Involving largely independent work means that self-help may be a promising way to deliver therapy in contexts where stigma surrounds mental health, and where people are therefore reluctant to visit a therapist. Depending on the context, workbooks may need to be culturally adapted, ideally with input from the local community. An expert we spoke to suggested this could be done in three months, although the time frame will depend on various factors and could easily extend longer.
A key advantage of self-help is its flexibility. A new charity will be able to explore various therapeutic techniques and target a range of beneficiaries. Based on unmet needs and available evidence, we think that Overcoming Anxiety, Overcoming Depression, and Living With Your Pain are promising workbooks for a self-help charity to distribute, but we expect co-founders of this charity to experiment and pivot according to their findings.
Our research on self-help has left us confident in our recommendation, but we still have some remaining questions and space for development. We’d like to see further studies in different contexts, and into other types of support (e.g. avatars). We also have remaining concerns over how best to recruit beneficiaries and over the logistics of management at large scale (i.e., upwards of 10,000 beneficiaries).
HEALTH & DEVELOPMENT POLICY
Lead researcher: Ali Ladak email@example.com
For our policy research, impact flows from two main channels: health outcomes and economic gain. Health can be measured using disability-adjusted life years (DALYs), and economic impacts using years of income. To combine both channels of impact in our analysis, we use GiveWell’s moral weights to roughly convert between DALYs and monetary terms. We ultimately express cost-effectiveness in benefit-cost ratio (converting health outcomes into monetary terms) as well as cost per DALY equivalent (converting economic gains to DALYs).
As of May 31 2020, less than 40% of countries have confirmed lead paint regulations. Yet there is no safe level of lead exposure, whose effects give rise to a range of negative health and economic consequences. Advocating for policy change in countries without regulations on lead paint, particularly those with large and growing paint markets, could alleviate some of these harmful consequences and create positive externalities. Our cost-effectiveness analysis found that lead paint regulation could avert a DALY equivalent for $156; for every dollar spent, we can expect a return of $74.*
Roughly 1% of the global burden of disease is due to exposure to lead, which can cause strokes and heart disease among others. Through harming brain development, lead exposure can result in lower IQ. This creates intellectual disabilities in more severe cases, and reduces productivity among those with higher IQs. One study estimates the productivity costs of lead exposure in low- and middle-income countries to be almost $1 trillion. The impact of lead regulation on IQ alone could create a range of positive outcomes, enabling people to increase their earnings and potentially sparking innovation. However, the link from lead exposure to earnings involves quite a long and uncertain causal chain: as such, we have concerns about the strength of the evidence here.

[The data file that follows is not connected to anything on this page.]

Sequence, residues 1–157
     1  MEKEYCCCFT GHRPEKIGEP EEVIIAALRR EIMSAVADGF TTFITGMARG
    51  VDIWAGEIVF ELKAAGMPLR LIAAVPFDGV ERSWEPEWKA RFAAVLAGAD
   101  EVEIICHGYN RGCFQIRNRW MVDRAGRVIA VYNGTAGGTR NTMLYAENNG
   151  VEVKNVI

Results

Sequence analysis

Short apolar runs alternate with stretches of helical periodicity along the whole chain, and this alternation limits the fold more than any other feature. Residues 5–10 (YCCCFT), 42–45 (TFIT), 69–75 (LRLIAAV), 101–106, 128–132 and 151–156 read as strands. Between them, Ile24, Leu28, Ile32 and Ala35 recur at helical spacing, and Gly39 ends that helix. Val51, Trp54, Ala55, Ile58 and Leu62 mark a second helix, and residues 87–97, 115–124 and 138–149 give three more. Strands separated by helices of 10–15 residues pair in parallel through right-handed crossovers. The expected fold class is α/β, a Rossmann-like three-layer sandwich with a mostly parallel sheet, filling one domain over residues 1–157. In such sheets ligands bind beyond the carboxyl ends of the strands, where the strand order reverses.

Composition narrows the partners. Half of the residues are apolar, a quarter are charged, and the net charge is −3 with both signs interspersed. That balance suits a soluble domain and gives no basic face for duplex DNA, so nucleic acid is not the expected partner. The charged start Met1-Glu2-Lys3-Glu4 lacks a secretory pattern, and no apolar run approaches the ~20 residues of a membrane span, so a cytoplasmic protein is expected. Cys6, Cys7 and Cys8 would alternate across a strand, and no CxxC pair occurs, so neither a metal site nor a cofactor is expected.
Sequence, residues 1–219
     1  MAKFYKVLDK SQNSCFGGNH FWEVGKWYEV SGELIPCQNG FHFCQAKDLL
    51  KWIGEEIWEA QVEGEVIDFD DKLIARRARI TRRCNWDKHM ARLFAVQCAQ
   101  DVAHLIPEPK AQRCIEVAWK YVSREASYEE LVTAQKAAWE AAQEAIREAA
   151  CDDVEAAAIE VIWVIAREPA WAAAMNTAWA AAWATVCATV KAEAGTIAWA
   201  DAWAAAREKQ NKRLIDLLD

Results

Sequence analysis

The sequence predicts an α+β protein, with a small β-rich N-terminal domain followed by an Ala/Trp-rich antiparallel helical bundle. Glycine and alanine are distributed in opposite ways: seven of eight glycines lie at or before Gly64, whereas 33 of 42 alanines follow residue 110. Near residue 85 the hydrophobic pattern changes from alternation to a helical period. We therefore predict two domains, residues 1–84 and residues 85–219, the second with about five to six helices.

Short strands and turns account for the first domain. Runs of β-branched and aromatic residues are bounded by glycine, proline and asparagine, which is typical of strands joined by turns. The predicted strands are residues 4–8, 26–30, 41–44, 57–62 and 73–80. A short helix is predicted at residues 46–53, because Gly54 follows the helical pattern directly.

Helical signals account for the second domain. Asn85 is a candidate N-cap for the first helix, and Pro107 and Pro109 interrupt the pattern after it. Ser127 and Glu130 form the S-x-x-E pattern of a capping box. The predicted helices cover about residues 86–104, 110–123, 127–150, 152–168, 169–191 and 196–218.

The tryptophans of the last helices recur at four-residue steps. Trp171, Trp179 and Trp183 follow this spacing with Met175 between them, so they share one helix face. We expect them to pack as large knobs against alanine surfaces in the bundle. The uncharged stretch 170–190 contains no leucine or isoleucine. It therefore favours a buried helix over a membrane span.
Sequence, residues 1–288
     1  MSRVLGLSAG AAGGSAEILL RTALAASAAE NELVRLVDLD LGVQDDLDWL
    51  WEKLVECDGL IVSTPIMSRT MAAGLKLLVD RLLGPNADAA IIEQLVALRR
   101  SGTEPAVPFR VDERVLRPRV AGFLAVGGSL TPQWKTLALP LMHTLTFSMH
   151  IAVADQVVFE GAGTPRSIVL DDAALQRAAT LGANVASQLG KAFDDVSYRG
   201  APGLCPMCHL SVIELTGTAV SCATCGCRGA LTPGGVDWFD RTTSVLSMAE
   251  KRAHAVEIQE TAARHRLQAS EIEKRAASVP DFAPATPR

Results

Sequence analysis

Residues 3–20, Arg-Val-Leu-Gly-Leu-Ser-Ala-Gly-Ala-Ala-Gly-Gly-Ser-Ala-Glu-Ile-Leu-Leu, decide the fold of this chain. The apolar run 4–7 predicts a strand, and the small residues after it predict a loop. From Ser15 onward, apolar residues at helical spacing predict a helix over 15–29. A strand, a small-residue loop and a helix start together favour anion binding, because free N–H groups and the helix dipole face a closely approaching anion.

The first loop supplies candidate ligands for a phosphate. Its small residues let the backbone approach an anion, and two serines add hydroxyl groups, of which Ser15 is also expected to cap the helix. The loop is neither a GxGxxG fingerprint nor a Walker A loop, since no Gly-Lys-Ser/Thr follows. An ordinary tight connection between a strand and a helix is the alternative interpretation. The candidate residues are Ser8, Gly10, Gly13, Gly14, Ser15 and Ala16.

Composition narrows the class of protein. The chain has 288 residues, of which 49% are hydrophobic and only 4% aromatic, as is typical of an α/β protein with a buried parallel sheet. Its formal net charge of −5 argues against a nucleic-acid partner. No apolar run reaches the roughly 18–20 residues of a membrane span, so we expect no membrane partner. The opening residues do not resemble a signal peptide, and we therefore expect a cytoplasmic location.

Policy interventions tend to have a lower chance of success than interventions in our other cause areas: shaping a political process involves uniting a lot more moving parts and competing goals than delivering vaccines or bed nets. However, several factors suggest that lead paint regulation could be reasonably tractable. It’s pretty uncontroversial, and is unlikely to face much opposition from the broader industry and other stakeholders.
There’s also a reasonably clear path forward for organizations working on lead paint. Resources available include the UNEP toolkit and model law, and the support of the International Pollutants Elimination Network (IPEN), which has a track record of success, having passed lead paint regulation in over 20 countries to date. IPEN flags three elements as key to effecting policy change: providing the data, getting media attention, and working consistently.
Our conversation with IPEN raised several key points. Firstly, IPEN considers that funding is a major bottleneck among organizations advocating lead paint regulation. Rather than founding a new organization, they suggest it may thus be more effective to support NGOs currently working in the space. This said, there are promising countries in sub-Saharan Africa where IPEN does not yet have a partner, and where a new EA organization could be valuable.
Regulating lead paint is an important first step, but it does not fully solve the problem. Although lead paint is known to be a key source of lead exposure, it’s unclear what proportion of exposure it causes: we conservatively assume this figure to be 25%. Additionally, the proposed regulations would not remove lead from the environment, but rather aim to prevent more from coming in. Once regulations are in place, compliance may also be an issue (as touched on in this expert conversation).
Fully eradicating the harmful effects of lead paint will take time. Even so, lead paint regulation looks to be a promising intervention for a new charity. Moving forward, we will continue to discuss with IPEN how best to fit into this space.
With 4.3% of the global burden of disease attributable to alcohol, advocating for regulation has the potential to be highly cost-effective. It’s also quite neglected, so the counterfactual impact of a successful new charity is strong. Our analysis explored several variations of alcohol regulation, including availability, pricing, and advertising. Of the WHO’s best buys, taxation looks particularly promising based on its cost-effectiveness and the strength of the evidence. Although 155 countries already tax alcohol, less than a quarter adjust these taxes for inflation, so they become less effective with time.